Christmas: The God Who Comes Close

I presided and preached at my Jesuit community’s Christmas celebration today. The readings were from the Mass During the Day: Isaiah 52: 7-10; Hebrews 1: 1-6; John 1: 1-18.

“How beautiful are the feet of him who brings glad tidings, announcing peace, bearing good news.”  So says Isaiah. He goes on: “They shout for joy for they see directly, before their eyes, the Lord….”  We are filled with joy because we don’t see before our eyes “prophets” through whom “God spoke in partial and various ways,” as the second reading says. We see “directly, before our eyes,” because God has been made manifest, “the Word became flesh.”

In his Midnight Mass Homily of 2008, Pope Benedict spoke about our first experience of God being one of distance. God is so far above and beyond us. But then, referring to a medieval theologian by the name of William of St. Thierry, he said: “God became a child. He made himself dependent and weak, in need of our love. Now—this God who has become a child says to us—you can no longer fear me, you can only love me.” 

This is the good news, the Gospel of Joy!

God became lowly in order to raise us up.  God became human in order to make us divine, as our opening prayer said: “O God, … grant we pray, that we may share in the divinity of Christ, who humbled himself to share in our humanity.”

This is the miracle of the Incarnation: God, “the Word became flesh.”  This is the miracle of Baptism that John writes about in the Gospel.  Through Jesus’ birth, life, death, and resurrection, we have been given the “power to become children of God,” to be “born not by natural generation nor by human choice nor by a man’s decision but of God.”  This is the miracle of the Eucharist. The Son of God became flesh in order to give his flesh for the life of the world. He makes that offering present in every celebration of the Holy Sacrifice of the Mass and he unites his flesh to ours in a “Holy Communion.”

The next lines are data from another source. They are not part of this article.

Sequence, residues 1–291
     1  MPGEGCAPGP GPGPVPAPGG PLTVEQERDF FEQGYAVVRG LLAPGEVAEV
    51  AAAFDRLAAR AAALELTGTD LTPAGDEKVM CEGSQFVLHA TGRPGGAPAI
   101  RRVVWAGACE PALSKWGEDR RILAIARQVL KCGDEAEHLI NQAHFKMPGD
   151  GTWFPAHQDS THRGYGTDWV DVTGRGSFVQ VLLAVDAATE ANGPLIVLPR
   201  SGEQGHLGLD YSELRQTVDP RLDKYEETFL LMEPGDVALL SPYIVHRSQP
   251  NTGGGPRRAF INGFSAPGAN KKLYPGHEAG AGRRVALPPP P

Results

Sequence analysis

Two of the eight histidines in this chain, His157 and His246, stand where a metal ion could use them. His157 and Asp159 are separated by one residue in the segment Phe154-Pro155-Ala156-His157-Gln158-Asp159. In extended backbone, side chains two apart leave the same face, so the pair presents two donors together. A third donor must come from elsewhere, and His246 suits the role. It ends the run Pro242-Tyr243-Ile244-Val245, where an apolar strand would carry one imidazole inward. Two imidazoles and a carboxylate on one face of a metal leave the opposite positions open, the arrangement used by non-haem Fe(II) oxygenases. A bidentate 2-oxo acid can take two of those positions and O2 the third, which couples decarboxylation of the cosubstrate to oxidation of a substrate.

This is “Evangelii Gaudium,” the Gospel of Joy.  As you know, that’s the title of Pope Francis’ Apostolic Exhortation in which I’m told the word “joy” appears in one form or another 110 times.

What is the reason, the source of this joy?

In section #164, speaking about catechesis, Pope Francis writes that on our lips “the first proclamation must ring out over and over.”  What is that proclamation? “Jesus Christ loves you. He gave his life to save you. And now he is living at your side every day to enlighten and free you.” 

In other words, God is close, very close to each of us. This knowledge is “first,” according to Pope Francis, because it is “principal.” It is most important. It is the foundation of our lives. He goes on to say that this proclamation is principal because it is “the one which we must hear again and again in different ways, the one which we must announce one way or another….”

All are called to hold fast to this proclamation and to announce it.  But, quoting from Pope John Paul II’s Apostolic Exhortation about priests, Pastores Dabo Vobis, Pope Francis writes: “For this reason too, ‘the priest—like every other member of the Church—ought to grow in awareness that he himself is continually in need of being evangelized.’”  We priests need the Gospel of Joy, a deeper awareness that Jesus Christ loves us, gave his life for us, and is now living at our side every day.

As Jesuits we’ve been given a gift that helps us go deeper in this awareness. Through the Spiritual Exercises of St. Ignatius, we don’t just think about how God has come close to us. We, as it were, “see directly.” Through the imagination and bringing the senses into our prayer, we experience the birth of Jesus. In this way the familiar stories and the high theology of the first chapter of John, do not remain here, in our heads, but enter our hearts where they can transform us.